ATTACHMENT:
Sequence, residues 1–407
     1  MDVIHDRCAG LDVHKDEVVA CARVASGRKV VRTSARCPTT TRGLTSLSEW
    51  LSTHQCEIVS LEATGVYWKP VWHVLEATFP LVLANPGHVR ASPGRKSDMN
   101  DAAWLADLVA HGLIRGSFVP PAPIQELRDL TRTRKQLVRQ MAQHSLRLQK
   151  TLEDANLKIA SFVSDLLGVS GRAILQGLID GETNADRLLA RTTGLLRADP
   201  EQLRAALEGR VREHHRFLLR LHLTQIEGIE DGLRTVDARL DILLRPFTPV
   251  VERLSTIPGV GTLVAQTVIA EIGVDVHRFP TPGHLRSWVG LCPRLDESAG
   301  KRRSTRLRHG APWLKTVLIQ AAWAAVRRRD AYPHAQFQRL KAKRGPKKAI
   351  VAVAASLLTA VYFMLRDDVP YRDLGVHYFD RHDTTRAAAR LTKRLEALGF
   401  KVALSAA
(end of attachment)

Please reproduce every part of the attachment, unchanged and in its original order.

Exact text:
Sequence, residues 1–407
     1  MDVIHDRCAG LDVHKDEVVA CARVASGRKV VRTSARCPTT TRGLTSLSEW
    51  LSTHQCEIVS LEATGVYWKP VWHVLEATFP LVLANPGHVR ASPGRKSDMN
   101  DAAWLADLVA HGLIRGSFVP PAPIQELRDL TRTRKQLVRQ MAQHSLRLQK
   151  TLEDANLKIA SFVSDLLGVS GRAILQGLID GETNADRLLA RTTGLLRADP
   201  EQLRAALEGR VREHHRFLLR LHLTQIEGIE DGLRTVDARL DILLRPFTPV
   251  VERLSTIPGV GTLVAQTVIA EIGVDVHRFP TPGHLRSWVG LCPRLDESAG
   301  KRRSTRLRHG APWLKTVLIQ AAWAAVRRRD AYPHAQFQRL KAKRGPKKAI
   351  VAVAASLLTA VYFMLRDDVP YRDLGVHYFD RHDTTRAAAR LTKRLEALGF
   401  KVALSAA